Part IV The Vegan Diet from Raw Food Explained
3.4 Vegan Diet
All vegans are vegetarians—not all vegetarians are vegans. Life Scientists or Natural Hygienists are usually vegans—not all vegans are Natural Hygienists. Confusing? Let's explain:
A vegan is a vegetarian that does not consume any animal products whatsoever. A vegan diet does not include eggs, meat, milk, cheese, or any other animal products. The vegan diet even eliminates honey, an animal product used in many vegetarian diets. The vegan is the true vegetarian. Those vegetarians who continue to eat eggs or drink milk are really just nonmeat eaters. Estimates have placed the number of vegans at about 10% of the vegetarian population; in other words, only one out of ten vegetarians strictly avoids eggs, milk and dairy products.
The vegan diet, like so many other vegetarian regimens, however, usually relies upon grains and beans for a large portion of its calories. Foods are often eaten in poor combinations and in large amounts. Vegans often substitute processed and refined soybean products in place of dairy and meat. Soy milk, tofu. tempeh, soy ice cream, and soy meat substitutes are the darlings of the vegan diet.
A heavy reliance on soy products, due in part to a misplaced concern about protein, is the major drawback to the vegan diet. Soy products cannot be completely digested due to enzymes present in the soybeans, and soy foods also inhibit iron absorption. Still, the soy foods are superior to the milk and eggs used by other vegetarians and to the meat consumed by flesh eaters.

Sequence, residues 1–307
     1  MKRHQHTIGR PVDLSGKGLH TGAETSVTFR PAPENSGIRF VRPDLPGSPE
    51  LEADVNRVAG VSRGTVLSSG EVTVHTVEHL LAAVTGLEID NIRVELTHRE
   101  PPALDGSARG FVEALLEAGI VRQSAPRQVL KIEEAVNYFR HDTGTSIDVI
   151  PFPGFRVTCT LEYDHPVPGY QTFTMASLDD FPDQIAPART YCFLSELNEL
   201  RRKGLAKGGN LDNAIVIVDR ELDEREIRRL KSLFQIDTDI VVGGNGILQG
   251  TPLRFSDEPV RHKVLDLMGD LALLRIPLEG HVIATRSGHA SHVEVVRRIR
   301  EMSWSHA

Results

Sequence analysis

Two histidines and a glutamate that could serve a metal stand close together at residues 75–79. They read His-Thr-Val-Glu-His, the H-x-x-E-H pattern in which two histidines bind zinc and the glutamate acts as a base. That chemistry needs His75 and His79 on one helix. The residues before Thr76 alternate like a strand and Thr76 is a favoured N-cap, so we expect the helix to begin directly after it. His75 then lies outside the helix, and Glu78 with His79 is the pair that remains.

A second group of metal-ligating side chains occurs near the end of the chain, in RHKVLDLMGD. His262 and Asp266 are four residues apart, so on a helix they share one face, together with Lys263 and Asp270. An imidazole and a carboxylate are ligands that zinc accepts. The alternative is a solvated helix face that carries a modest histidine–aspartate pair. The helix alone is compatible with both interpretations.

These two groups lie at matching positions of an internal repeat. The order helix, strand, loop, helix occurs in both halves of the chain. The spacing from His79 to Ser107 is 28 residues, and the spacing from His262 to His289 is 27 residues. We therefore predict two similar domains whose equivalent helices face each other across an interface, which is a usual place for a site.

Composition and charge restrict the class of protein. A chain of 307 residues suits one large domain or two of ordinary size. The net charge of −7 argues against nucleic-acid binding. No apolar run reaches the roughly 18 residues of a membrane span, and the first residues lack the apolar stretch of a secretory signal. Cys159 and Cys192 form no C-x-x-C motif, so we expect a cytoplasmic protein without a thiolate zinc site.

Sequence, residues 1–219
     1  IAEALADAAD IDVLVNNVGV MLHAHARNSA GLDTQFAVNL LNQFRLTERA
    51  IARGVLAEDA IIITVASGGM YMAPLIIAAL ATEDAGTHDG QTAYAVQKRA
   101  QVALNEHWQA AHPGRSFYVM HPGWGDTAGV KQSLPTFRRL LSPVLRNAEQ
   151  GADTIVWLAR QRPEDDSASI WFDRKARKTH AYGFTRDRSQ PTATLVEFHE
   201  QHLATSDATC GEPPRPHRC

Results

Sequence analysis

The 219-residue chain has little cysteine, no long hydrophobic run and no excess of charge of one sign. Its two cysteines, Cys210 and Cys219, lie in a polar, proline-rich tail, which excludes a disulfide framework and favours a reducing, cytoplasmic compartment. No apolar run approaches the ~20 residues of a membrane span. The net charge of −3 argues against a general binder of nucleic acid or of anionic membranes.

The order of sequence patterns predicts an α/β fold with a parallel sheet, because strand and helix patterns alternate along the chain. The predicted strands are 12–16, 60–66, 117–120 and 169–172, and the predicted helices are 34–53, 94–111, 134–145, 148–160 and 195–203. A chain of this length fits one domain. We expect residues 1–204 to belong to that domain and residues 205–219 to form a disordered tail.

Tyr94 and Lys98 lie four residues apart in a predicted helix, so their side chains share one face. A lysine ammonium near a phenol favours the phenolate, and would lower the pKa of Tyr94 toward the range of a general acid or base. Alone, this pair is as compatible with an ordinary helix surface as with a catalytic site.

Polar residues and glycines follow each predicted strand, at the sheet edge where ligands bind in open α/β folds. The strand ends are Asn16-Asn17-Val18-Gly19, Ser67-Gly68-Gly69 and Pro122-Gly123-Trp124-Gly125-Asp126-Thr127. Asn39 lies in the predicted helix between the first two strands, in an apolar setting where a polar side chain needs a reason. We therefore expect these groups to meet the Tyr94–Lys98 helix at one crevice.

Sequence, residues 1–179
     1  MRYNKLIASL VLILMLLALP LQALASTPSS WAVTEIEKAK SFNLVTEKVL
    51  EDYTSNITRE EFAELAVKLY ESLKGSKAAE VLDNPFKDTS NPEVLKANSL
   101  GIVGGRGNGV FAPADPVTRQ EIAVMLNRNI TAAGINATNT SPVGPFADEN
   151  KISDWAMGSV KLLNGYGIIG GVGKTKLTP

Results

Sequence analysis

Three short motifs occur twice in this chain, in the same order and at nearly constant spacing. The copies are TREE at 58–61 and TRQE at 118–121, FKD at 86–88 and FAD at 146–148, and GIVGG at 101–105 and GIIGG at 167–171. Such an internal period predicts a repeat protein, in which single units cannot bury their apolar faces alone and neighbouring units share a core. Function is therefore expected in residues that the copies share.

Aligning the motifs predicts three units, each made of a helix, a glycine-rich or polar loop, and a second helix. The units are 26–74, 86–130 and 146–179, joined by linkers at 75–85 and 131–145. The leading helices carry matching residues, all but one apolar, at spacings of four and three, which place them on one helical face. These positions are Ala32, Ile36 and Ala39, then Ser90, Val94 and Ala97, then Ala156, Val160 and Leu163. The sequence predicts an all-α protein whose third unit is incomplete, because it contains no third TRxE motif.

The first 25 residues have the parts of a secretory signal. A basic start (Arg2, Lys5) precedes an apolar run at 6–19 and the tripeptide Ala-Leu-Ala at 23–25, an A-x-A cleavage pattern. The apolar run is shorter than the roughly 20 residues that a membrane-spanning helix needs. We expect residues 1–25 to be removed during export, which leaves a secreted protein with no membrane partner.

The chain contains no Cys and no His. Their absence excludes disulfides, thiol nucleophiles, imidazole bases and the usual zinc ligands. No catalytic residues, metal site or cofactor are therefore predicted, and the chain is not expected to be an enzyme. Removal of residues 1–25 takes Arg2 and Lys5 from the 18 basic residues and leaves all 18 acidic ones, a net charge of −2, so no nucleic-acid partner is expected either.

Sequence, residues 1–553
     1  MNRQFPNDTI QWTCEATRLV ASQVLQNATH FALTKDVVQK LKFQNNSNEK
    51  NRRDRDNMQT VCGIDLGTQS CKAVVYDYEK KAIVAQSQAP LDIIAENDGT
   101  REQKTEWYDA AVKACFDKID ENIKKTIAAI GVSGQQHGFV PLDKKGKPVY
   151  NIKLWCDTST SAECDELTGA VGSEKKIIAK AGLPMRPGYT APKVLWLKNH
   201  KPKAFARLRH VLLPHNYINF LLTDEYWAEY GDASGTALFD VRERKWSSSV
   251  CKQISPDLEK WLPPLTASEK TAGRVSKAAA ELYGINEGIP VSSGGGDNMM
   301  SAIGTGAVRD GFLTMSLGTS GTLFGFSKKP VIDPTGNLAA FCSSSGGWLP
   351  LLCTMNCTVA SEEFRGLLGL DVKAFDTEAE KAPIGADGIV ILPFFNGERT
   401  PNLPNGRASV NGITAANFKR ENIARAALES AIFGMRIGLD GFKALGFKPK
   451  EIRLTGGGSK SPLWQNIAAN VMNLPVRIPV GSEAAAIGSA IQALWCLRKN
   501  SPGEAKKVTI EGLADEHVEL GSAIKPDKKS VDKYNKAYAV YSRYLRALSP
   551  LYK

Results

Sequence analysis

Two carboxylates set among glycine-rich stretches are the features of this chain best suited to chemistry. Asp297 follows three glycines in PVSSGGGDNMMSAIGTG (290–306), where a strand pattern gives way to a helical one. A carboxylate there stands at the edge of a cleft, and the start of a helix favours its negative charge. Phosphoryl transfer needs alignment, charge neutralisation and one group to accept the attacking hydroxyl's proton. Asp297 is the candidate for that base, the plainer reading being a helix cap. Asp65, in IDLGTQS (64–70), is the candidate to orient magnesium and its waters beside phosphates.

Advantages: The vegan diet completely eliminates some of the worst foods in the American dietary—meat, milk, eggs, and junk foods. It also eschews honey, a food often abused and overused by vegetarians and other health seekers.
Disadvantages: Vegans still use sweeteners such as maple syrup or molasses. They consume too many soy products, and eat a preponderance of grains and legumes. They often worry about "complete" protein combinations, and often eat a majority of the foods cooked or otherwise processed.
Compared to the Life Science Diet: The vegan diet can be easily adapted to the Life Science diet. All the vegan must do is to eliminate all processed foods, such as soy products, sweeteners, etc., eat more foods raw, and watch food combinations. If you follow the Life Science diet, you may also be considered a vegan, or "true" vegetarian, at well.